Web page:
Some historians believe the mounds were built by the Hopewell culture during 100 to 500 A.D. for use as a ceremonial center. Others say the earthworks were constructed by the Adenas from 800 to 700 B.C. as part of a mound builder city.
In keeping with the pledge of Marietta's founding fathers to preserve the earthworks, the largest mound became the site of a cemetery and the final resting place of Revolutionary War veterans. An arrangement of paths and pyramid shaped enclosures were set aside as public park space- a Sacra Via, or sacred way, to be explored by generations to come.
As with other great wonders of the ancient world, like the Sphinx, the pyramids, and Stonehenge, different cultures have their own legends and theories on the origins of the mounds. The name "mound builders" refers not to a particular ethnic group, but to a number of cultures who built earthworks over thousands of years. Their mysterious handiwork has been attributed to Vikings, the Ten Lost Tribes of Israel, Greeks, Africans, Chinese, people from the lost continent of Atlantis, and the hand of God.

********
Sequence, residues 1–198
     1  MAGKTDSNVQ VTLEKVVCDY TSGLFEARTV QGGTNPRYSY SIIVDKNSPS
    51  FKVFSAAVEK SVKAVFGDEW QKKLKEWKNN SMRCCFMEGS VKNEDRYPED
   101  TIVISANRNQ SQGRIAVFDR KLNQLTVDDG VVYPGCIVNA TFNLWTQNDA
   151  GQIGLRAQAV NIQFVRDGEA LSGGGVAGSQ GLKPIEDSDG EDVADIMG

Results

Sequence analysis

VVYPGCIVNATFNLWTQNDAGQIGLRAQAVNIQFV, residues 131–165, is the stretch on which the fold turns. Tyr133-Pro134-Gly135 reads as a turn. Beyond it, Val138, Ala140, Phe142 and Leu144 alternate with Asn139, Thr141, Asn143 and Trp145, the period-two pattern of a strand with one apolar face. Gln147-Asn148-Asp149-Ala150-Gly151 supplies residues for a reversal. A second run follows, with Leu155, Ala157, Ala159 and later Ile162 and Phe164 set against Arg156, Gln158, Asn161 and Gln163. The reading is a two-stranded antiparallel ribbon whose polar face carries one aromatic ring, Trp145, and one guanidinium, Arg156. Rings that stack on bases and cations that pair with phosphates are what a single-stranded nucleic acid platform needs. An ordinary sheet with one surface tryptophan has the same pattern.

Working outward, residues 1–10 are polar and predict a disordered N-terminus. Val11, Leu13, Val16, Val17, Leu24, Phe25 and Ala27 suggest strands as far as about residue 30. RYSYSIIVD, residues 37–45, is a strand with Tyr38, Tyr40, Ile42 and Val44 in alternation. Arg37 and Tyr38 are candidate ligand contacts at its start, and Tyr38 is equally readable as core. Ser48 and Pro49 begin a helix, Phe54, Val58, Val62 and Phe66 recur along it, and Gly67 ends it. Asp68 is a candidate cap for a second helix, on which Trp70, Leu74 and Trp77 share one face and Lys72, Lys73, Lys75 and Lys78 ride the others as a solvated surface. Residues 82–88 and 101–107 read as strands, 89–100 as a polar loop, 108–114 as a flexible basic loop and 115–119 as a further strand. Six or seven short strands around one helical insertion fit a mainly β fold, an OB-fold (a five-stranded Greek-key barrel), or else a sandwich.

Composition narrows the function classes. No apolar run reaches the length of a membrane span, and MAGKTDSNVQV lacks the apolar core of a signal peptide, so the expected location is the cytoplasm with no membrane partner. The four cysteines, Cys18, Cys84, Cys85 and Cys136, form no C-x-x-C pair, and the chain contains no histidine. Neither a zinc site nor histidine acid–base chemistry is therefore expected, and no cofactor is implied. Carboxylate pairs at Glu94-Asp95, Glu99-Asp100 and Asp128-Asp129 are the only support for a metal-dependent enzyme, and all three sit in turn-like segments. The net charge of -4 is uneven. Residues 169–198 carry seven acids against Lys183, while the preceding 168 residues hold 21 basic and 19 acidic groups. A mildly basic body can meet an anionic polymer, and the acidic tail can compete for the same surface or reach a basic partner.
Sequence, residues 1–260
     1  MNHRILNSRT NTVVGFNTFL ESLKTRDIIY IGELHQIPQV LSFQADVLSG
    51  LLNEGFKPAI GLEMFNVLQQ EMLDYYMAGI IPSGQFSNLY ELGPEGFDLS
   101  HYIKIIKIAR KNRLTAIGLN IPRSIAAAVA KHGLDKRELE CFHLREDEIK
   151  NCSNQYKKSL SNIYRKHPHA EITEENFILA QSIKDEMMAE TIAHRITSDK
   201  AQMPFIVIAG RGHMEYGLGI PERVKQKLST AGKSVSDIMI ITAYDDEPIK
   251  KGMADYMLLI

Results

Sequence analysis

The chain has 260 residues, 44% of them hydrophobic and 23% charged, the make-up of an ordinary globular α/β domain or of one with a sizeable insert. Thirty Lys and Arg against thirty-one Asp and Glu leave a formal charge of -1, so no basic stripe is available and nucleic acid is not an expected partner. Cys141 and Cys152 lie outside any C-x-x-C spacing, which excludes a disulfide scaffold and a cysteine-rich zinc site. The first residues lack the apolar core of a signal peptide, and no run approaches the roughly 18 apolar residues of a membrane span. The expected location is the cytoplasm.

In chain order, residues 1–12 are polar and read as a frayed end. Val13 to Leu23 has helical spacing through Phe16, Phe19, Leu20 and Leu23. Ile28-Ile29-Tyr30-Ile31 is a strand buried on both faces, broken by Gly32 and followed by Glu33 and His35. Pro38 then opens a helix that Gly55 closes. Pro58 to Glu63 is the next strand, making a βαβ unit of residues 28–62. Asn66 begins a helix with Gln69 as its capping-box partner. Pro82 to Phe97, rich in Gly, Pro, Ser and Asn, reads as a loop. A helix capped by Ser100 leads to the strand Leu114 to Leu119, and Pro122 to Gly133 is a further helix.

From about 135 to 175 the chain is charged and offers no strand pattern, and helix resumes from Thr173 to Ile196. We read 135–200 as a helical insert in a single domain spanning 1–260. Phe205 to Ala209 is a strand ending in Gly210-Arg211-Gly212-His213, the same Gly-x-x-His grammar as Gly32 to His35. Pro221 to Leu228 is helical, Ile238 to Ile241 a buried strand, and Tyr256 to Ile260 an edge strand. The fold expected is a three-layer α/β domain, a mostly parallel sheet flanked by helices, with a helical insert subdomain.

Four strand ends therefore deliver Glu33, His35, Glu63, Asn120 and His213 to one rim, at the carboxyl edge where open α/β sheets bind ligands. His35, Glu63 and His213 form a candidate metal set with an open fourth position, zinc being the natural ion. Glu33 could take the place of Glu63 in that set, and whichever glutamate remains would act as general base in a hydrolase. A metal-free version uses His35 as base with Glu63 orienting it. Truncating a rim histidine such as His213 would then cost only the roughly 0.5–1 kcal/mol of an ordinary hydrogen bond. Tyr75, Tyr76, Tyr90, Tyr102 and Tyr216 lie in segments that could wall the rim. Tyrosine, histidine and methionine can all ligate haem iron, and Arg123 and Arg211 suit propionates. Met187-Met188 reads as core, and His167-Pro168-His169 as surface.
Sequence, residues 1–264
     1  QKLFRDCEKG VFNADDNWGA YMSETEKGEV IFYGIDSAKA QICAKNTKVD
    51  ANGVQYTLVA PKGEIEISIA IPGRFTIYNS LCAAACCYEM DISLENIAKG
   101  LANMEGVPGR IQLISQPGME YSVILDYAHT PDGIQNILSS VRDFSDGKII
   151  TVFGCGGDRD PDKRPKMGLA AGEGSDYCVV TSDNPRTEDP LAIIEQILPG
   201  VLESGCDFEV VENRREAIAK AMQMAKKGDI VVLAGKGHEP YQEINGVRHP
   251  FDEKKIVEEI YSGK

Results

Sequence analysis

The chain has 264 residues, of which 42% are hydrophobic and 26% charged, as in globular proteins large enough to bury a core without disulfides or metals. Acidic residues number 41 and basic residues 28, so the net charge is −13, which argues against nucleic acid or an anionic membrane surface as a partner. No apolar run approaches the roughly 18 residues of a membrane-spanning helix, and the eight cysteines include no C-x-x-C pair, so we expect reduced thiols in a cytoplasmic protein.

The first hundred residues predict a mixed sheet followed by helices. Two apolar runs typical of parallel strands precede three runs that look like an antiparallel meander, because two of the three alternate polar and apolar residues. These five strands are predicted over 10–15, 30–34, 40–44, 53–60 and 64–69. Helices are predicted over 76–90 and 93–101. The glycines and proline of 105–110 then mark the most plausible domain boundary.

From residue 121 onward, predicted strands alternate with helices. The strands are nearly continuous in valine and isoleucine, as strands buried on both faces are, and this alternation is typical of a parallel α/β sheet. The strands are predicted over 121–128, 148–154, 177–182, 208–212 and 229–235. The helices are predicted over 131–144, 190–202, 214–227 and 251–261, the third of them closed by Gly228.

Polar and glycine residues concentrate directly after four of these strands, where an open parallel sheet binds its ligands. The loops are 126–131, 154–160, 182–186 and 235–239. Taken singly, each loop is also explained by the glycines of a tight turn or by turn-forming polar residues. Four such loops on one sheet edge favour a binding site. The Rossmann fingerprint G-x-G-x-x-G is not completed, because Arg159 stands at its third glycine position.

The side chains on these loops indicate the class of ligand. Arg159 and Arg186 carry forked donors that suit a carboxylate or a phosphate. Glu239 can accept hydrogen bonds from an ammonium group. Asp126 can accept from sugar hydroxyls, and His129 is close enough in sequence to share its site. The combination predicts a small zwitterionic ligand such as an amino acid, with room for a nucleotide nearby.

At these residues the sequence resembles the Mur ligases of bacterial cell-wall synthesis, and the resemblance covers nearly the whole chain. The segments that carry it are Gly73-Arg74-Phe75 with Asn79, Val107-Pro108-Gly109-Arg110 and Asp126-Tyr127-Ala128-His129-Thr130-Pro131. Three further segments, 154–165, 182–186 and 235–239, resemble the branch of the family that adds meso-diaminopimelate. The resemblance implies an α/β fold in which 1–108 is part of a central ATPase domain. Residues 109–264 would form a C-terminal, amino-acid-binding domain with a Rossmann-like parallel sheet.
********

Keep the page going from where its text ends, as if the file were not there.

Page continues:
Because the remain such an enigma, the earthworks have inspired many hoaxes. The subject of legends and tales, the mounds have also inspired great art.
|The Mound Cemetery in Marietta Ohio is one of the largest earthworks in the area.|